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matskv
November 2nd, 2010, 11:15 PM
I have also encountered a similar version of this problem (http://ubuntuforums.org/showthread.php?p=10063677). After upgrading from 9.10 (using a disk install, not via update manager), I lost my connection to my local network (as well as internet). All other devices attached to my local network have access to both internet and to the other devices on the local network, except for my Ubuntu 10.10 computer.

According to my router, the Ubuntu 10.10-computer is attached and has been assigned an ip-address. However, it is not possible to successfully ping from my 10.10-computer or to it. From the computer I can ping "localhost" but 127.0.0.1 fails!

Thankful for any help I can get!

Iowan
November 3rd, 2010, 01:34 AM
Does ifconfig -a show the 10.10 machine with an IP address? (hopefully not an avahi address...)
ping 127.0.0.1 fails??? :confused:
Right-click Network Manager icon and verify that Networking is enabled.

matskv
November 3rd, 2010, 09:03 AM
I can not physically access the computer in question right now since I am at work, but according to what I can recall, ifconfig shows the same IP as my router has assigned to it.

There was however a strange detail (for me at least) in the ifconfig-listing; after my IP-address 192.168.1.107 there was a broadcast-address 192.168.1.255 which I cannot remember I have seen before.

I'll get back with more info when I get home in about 10 hours.

Thanks!

matskv
November 3rd, 2010, 08:33 PM
Okay, I'm back. First of all, ping 127.0.0.1 works fine from the terminal window, but not from Network Tools. I don't know how to interpret that except for not trusting Network Tools. Or? Anyway, I guess it's good news. Also, ping 192.168.1.107 works from the terminal window. :-)


ifconfig -a says: (manually transcribed since I have no ethernet connection...)
eth0 Link encap: Ethernet HWaddr bla:bla:bla:bla
inte addr: 192.168.1.107 Bcast: 192.168.1.255 Mask 255.255.255.0
inet6 addr: fe80::213:d4ff:fe7f:4e9f/64 Scope:Link
UP BROADCAST RUNNING MULTICAST MTU:1500 Metric:1
...various rx/tx stats about my pinging on 192.168.1.107 only

lo Link encap: Local Loopback
inet addr:127.0.0.1 Mask 255.0.0.0
inet6 addr: ::1/128 Scope:Host
UP LOOPBACK RUNNING MTU:16436 Metric:1
.. various stats concerning me pinging localhost and 127.0.0.1

My /etc/network/interfaces says
auto lo
iface lo inet loopback

Another thing that might be of interest is that after login in I get the "Network service discovery disabled" message up on the right hand side, i.e. "Your current network has a .local domain, which is not recommended and incompatible with the Avahi network service discovery. The service has been disabled". This message showed up in my 9.10 installation also. Is this something I should be concerned about? Frankly, I don't have a clue of what the message is trying to tell me, even after searching on forums about it.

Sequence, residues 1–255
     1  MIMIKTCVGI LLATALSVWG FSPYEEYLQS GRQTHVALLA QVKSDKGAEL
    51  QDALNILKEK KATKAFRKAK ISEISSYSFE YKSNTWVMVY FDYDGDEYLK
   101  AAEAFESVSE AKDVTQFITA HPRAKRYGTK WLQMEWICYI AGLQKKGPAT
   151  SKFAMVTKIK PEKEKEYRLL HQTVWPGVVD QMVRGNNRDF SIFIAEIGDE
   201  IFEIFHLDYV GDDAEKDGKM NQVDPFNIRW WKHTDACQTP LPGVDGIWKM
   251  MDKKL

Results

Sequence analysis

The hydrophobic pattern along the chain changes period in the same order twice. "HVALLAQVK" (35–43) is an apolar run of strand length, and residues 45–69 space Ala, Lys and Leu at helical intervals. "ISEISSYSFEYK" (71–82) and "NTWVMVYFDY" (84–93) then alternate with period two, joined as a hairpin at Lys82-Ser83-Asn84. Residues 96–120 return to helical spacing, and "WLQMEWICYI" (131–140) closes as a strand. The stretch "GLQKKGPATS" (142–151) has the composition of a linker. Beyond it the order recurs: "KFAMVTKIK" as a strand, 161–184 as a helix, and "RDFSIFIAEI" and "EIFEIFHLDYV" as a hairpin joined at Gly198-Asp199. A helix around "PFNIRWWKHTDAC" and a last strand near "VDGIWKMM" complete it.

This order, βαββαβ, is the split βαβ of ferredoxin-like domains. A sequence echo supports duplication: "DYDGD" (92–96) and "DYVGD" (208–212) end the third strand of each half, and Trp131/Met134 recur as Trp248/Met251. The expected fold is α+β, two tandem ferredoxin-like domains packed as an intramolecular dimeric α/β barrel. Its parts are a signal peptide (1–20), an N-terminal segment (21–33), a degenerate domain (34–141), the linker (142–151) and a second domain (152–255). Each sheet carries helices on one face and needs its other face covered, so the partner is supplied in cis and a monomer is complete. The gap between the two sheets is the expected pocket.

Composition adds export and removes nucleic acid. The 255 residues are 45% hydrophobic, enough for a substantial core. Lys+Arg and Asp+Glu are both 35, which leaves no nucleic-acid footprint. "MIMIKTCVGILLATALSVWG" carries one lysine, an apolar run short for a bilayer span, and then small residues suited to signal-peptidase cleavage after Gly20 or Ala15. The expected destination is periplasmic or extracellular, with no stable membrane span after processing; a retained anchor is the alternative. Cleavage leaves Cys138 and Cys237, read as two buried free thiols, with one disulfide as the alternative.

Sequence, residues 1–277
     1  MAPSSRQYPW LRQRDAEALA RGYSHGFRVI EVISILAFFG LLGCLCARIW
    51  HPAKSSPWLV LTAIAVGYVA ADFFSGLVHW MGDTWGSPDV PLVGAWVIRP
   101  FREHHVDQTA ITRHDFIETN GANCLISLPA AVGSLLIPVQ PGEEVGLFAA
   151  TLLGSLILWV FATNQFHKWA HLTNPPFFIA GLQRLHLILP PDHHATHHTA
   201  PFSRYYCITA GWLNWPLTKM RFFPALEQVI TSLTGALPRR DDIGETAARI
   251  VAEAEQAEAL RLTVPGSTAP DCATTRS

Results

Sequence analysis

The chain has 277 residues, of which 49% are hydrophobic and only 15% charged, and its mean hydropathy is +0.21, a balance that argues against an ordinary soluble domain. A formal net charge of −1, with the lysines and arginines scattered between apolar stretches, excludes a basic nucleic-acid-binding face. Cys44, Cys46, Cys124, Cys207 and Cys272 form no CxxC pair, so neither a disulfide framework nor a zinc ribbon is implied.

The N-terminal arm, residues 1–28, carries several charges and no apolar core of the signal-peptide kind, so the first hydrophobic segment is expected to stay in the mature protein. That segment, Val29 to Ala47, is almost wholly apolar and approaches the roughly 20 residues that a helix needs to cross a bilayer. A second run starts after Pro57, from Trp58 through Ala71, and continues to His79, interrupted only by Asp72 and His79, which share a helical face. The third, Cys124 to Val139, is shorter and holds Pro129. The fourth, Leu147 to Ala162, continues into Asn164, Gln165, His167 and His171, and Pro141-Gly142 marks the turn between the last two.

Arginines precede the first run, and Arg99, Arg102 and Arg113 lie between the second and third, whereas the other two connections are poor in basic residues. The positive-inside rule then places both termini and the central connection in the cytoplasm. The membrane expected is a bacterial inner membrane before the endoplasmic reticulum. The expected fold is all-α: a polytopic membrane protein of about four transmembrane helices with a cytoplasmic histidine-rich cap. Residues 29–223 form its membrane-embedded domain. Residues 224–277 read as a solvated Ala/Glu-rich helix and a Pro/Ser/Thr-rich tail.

Thanks again for any help and clues on how to solve my network problems!

al090187
November 3rd, 2010, 09:48 PM
Usually the /etc/network/interfaces should have some additional lines, regarding the ethernet connection. Try adding


auto eth0
iface eth0 inet dhcp

matskv
November 3rd, 2010, 10:49 PM
Thanks, al090187, I'll try that soon. However, I made some similar additions yesterday to 'interfaces' but with no success.

Right now I'm partioning my boot disk in preparation for installing 9.10 and maybe 10.04 as well alongside the 10.10. I feel totally disabled now when my media server is not working so I will need something to boot to when I'm not trying to solve this issue with networking in 10.10. Because I won't give up!

Note also that I have no problem networking with 9.10 and even from the 10.10 live-cd. Isn't that strange? And in all these cases I have the same interfaces-file as the current in 10.10.

Thanks again!

Iowan
November 4th, 2010, 02:27 AM
For what it's worth - on a Network Manager-controlled machine, /etc/network/interfaces usually has only the following lines:
auto lo
iface lo inet loopback
Although NM should attend to it, you can check your gateway by looking (from a terminal) at route -n... the line marked with "UG" is the gateway designation. You can also verify DNS by checking cat /etc/resolv.conf

Interfaces defined in /etc/network/interfaces are normally not controlled by NM (although this can be changed), which means gateway and DNS must be manually configured.

If you have a standard server-install (without a desktop/GUI), there is no Network Manager, so /etc/network/interfaces is the normal method of configuration (unless something has changed in 10.10).